Alexandre Fallon, François Laurin-Pratte
Jan 11, 2018
Court recognizes exemptions from language requirements may be justified where they impose disproportionate economic burdens
On December 20, 2017, in 156158 Canada inc. v. Attorney General of Québec, 2017 QCCA 2055, the Québec Court of Appeal confirmed the constitutional validity of the provisions of the Québec Charter of the French Language (the CFL) that require the joint or predominant use of French in commercial advertising, packaging and publications, including websites.
The Appellants are 11 businesses controlled or operated by individuals whose primary language is English. The Office Québécois de la langue française charged each business with an offence for having used (i) English-only packaging contrary to Section 51 CFL, (ii) English-only websites contrary to Section 52 CFL or (iii) English-only or bilingual advertising with the French text not being markedly predominant, contrary to Section 58 CFL.
The Court of Québec found the Appellants guilty as charged. The judgment was upheld by the Superior Court, and later again by the Court of Appeal.
Reasons and conclusions
The main question on appeal was to decide whether the provisions of the CFL at issue violated the Appellants’ freedom of expression and rights to equality and liberty, as guaranteed by the Québec Charter of Human Rights and Freedoms (the Québec Charter) and the Canadian Charter of Rights and Freedoms (collectively, with the Québec Charter, the Charter). The Appellants argued before the Court of Appeal that Sections 51, 52 and 58 of the CFL violated these rights, in addition to infringing upon the right to the peaceful enjoyment of private property, as guaranteed by the Québec Charter.
Dismissing the appeal, the Court mainly applied the two following precedents from the Supreme Court of Canada: Ford v. Quebec (Attorney General),  2 RCS 712 (Ford) and Devine v. Quebec (Attorney General),  2 SCR 790, as well as one precedent from the Court of Appeal, Entreprises W.F.H. Ltée v. Québec (Procureure générale du), 2001 CanLII 17598. In those cases, it was decided that requiring the joint or predominant use of French infringed upon freedom of expression in a way that was justified and, therefore, constitutionally valid under the Charter.
The Court of Appeal dismissed the Appellants’ argument that it should revisit those precedents on the premise that, since said precedents, the situation had evolved in such a way that French was no longer in jeopardy. The Court concluded that the Appellants failed to prove a change important enough that it would fundamentally change the parameters of the debate that occurred previously before the Supreme Court. There was no error in the conclusion of the trial judge that the birth rate among Francophones remained lower, that the Francophone population outside Québec kept declining as a result of assimilation and that English was still dominant at the higher end of the economic spectrum. Any modest progress made in linguistic transfers towards French was not sufficient to conclude that the language of Molière was no longer vulnerable.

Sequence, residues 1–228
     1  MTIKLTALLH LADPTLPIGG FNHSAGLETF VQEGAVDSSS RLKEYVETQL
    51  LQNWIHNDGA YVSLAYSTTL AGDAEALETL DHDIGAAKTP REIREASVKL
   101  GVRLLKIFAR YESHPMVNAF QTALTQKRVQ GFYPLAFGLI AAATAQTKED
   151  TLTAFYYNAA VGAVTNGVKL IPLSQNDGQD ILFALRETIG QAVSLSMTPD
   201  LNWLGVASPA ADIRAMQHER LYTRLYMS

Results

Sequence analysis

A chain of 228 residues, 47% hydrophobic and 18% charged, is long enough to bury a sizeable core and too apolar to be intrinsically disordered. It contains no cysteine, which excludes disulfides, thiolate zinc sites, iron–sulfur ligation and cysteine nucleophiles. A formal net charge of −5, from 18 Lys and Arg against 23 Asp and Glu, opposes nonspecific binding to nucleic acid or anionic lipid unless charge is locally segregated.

In Ford, the Supreme Court proposed two constitutionally valid solutions for the legislator to preserve the linguistic landscape in Québec: requiring the joint use of French and English and making French the predominant language. With the provisions at issue, the legislator chose to implement each of these solutions to various contexts (e.g., commercial advertising, packaging, etc.), a choice which courts are ill-equipped to review.
The Court of Appeal also rejected the Appellants’ argument that requiring the joint or predominant use of French violated their right to equality, that is, the right to express themselves in their first language as any Francophone would. Instead, the Court agreed with the lower courts that any violation of the right to equality was constitutionally justified under the Charter.
As to the Appellants’ right to liberty, the Court recalled that this right does not apply to corporations. As for the individuals concerned, the Charter only protects their basic human freedom to make inherently private choices free from state interference. It does not give them an unconstrained right to conduct business in any manner they wish. The requirement of the joint or predominant use of French is only one of numerous constraints imposed upon businesses for the common good that do not offend the right to liberty.
Finally, the Court of Appeal dismissed the Appellants’ contention that the CFL infringed their right to the peaceful enjoyment of private property, since this right in the Québec Charter is expressly subject to any limitations provided by law, such as the limitations provided for in the CFL.
The Court of Appeal reaffirmed the jurisprudence as to the constitutional validity of provisions requiring the joint or predominant use of French in Québec in respect of commercial advertising, packaging and publications, including websites. In doing so, it confirmed that websites are subject to the same requirements as any other commercial publications. Pursuant to Sections 52 and 89, websites must be available in French.
That being said, the Court of Appeal also recognized that, in some cases, language requirements may lead to an economic burden due, for instance, to the required translation of content. In the case of smaller businesses, an economic burden of this nature may be disproportionate and, if so, may result in discrimination. There was no evidence of such disproportionate burden in this case, but the Court of Appeal opened the door to businesses adducing such evidence in future cases.